My only hope is the few brave souls that are fed up with all the bureaucratic crap from the blind men running certain companies…they will strike out on their own and forge new ideas, concepts, and stories from their basements, garages, rooms, and corner cafes. Some will meet and begin unfunded independent projects, and a lucky few will take it to the next level with funding. They may not all succeed, as this road is long and arduous, but they will raise a lot of eyebrows and influence the rest of the industry to no small degree.

Watch the independents. They are coming. You don’t know who they are now, and many have absolutely no experience in the industry whatsoever. But they have unbridled passion, indomitable spirits, and a driving ambition to create, innovate, and build.

Our industry is one of cycles, and even with death and failure, the phoenix shall always arise.

I’m pretty excited, but for now, I will stay here on my soapbox proclaiming doom and gloom. I’m getting pretty tired of the same recycled crap gameplay and hollow story. It is time to quit playing around and take some risks. Innovate people! Innovate!

11 thoughts on “Doom and Gloom…”

  1. Innovation is happening, but the biggest problem it faces is lack of funding compared to ‘safe’ investments, and lack of eyes / marketing. I’m working on something that gives me a chance to try new ideas, but my biggest fear is that it won’t have any noticeable impact. Niche games which try innovation barely get mentioned in the MMO blogosphere, let alone mainstream press and marketing. While we can all cheer for A Tale in the Desert, I havn’t heard anyone else trying something similar, let alone investing in it. Second Life is completely opposite, massively misrepresenting itself to get the publicity.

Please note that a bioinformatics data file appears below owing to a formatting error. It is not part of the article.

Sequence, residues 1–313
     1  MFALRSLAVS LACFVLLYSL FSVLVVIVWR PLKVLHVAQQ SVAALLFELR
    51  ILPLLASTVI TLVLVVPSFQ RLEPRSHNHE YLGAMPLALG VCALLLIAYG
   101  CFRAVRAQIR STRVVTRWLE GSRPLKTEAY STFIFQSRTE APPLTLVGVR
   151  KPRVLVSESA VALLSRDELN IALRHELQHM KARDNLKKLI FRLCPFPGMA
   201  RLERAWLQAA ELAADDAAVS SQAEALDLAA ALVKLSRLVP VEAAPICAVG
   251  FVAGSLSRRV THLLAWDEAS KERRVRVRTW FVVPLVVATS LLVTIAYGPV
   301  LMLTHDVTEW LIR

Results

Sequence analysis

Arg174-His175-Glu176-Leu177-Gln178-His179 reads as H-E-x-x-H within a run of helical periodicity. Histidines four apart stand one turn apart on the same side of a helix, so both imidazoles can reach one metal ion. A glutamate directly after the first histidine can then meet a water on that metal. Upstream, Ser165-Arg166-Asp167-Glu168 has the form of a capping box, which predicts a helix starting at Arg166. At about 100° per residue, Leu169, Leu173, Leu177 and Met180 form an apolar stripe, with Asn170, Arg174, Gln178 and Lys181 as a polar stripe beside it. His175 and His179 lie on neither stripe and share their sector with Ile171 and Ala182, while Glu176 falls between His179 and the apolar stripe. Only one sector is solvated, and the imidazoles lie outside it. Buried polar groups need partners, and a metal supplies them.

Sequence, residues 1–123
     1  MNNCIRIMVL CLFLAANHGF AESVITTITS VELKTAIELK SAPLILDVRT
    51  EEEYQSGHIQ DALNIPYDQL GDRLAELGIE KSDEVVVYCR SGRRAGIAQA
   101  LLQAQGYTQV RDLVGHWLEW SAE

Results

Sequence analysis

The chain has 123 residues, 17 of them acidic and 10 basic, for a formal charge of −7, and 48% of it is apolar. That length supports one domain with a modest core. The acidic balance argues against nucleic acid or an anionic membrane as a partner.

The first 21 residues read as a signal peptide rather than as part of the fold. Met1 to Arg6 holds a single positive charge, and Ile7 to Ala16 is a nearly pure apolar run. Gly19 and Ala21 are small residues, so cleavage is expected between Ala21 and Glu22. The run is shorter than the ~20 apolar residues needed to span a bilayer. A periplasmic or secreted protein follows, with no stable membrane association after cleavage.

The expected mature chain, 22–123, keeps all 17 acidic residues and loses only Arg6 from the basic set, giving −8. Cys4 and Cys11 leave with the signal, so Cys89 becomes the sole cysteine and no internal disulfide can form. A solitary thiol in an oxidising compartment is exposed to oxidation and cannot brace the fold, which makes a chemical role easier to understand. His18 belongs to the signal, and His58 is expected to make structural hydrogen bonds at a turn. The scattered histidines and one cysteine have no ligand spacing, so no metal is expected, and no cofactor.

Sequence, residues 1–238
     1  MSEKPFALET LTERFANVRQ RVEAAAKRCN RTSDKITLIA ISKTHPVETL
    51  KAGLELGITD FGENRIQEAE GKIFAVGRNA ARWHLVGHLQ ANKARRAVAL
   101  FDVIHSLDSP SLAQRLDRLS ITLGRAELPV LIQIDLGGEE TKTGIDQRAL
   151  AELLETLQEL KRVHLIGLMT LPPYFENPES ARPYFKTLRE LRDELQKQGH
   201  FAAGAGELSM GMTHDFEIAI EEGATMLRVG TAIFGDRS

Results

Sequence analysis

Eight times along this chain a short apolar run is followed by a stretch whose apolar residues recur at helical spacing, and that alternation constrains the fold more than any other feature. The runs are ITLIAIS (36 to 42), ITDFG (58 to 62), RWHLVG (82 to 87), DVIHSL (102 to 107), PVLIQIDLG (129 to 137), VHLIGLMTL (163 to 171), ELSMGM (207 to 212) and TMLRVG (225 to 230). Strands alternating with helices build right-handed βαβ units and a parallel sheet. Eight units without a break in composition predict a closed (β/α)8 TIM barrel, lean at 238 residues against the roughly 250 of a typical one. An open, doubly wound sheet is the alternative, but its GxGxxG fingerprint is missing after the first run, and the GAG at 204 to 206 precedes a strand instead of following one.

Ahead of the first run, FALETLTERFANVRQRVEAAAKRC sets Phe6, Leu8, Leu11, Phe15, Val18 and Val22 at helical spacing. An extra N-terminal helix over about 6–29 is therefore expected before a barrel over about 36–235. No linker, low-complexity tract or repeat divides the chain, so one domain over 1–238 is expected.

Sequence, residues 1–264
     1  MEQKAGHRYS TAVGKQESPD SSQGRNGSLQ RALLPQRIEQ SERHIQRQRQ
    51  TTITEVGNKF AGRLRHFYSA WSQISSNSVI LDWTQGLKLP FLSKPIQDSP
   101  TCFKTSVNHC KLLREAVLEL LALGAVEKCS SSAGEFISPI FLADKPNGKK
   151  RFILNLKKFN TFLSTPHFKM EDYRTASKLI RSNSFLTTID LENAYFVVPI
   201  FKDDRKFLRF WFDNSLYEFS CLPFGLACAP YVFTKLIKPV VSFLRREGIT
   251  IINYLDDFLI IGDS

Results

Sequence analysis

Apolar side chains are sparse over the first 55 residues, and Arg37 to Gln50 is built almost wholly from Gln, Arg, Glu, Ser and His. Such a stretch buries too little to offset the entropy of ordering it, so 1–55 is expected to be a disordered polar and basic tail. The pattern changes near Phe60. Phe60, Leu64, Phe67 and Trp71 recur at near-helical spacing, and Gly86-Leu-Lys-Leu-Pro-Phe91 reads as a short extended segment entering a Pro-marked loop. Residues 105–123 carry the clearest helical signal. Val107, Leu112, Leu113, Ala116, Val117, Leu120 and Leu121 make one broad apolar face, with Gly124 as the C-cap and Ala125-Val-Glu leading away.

2. Re blogosphere…if we don’t know about it, we can’t talk about it.

    If an indy studio has something interesting and innovative, they should be letting us know about it if they want to stir up some conversation. Personally, I would be MORE than happy to talk about stuff.

  3. We are just seeing the birth of the indie MMO, now that the tools are becoming available for the basement developer. But we all know the development cycle is much much longer than making a Quake mod.
    The gaming industry is far more ‘visible’ now, with the explosion of dev blogs, and these indies are taking note of the big boys’ rule about not talking about something until they’ve truly got something to show.
    We’re gonna see some cool, cool stuff, but it takes time.

  4. Actually the Indie MMO was born about a decade ago. The landscape is littered with them.

    As for the big boys rules, it works both ways…sometimes they talk about all the cool features, and by the time a game actually launches it is nothing like they originally pitched.

    I agree we are going to see some cool stuff, but it will be a hard road. Not every indie is innovative or knows what they are doing. I think they need to reach out to other indies, and work together a little bit and collaborate, even if it is only at a high level (studio heads helping each other solve problems or mentoring each other).